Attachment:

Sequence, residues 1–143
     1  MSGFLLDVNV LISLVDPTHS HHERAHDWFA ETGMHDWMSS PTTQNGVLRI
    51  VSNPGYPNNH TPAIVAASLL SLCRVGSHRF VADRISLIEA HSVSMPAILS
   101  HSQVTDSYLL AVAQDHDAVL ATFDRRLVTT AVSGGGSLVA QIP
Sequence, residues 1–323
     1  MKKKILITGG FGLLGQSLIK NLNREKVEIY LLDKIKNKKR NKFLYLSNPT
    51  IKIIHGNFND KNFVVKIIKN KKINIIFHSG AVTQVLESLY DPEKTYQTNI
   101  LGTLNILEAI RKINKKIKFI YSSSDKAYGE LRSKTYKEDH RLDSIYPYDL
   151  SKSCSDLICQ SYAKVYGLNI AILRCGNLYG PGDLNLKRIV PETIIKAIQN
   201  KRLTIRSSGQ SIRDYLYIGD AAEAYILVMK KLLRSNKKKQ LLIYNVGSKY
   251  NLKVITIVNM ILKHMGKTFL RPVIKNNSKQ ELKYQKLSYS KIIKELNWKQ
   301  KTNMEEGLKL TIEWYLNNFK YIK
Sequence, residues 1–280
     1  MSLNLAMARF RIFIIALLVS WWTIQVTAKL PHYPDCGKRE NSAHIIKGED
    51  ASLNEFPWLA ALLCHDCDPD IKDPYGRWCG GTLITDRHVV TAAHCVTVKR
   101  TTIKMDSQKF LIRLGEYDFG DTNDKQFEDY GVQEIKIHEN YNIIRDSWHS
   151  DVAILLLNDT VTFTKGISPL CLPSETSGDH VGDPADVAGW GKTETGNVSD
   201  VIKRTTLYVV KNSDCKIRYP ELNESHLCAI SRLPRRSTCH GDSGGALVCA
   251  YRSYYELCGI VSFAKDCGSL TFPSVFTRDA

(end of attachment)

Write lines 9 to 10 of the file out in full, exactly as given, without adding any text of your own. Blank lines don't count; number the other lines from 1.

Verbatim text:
   151  SKSCSDLICQ SYAKVYGLNI AILRCGNLYG PGDLNLKRIV PETIIKAIQN
   201  KRLTIRSSGQ SIRDYLYIGD AAEAYILVMK KLLRSNKKKQ LLIYNVGSKY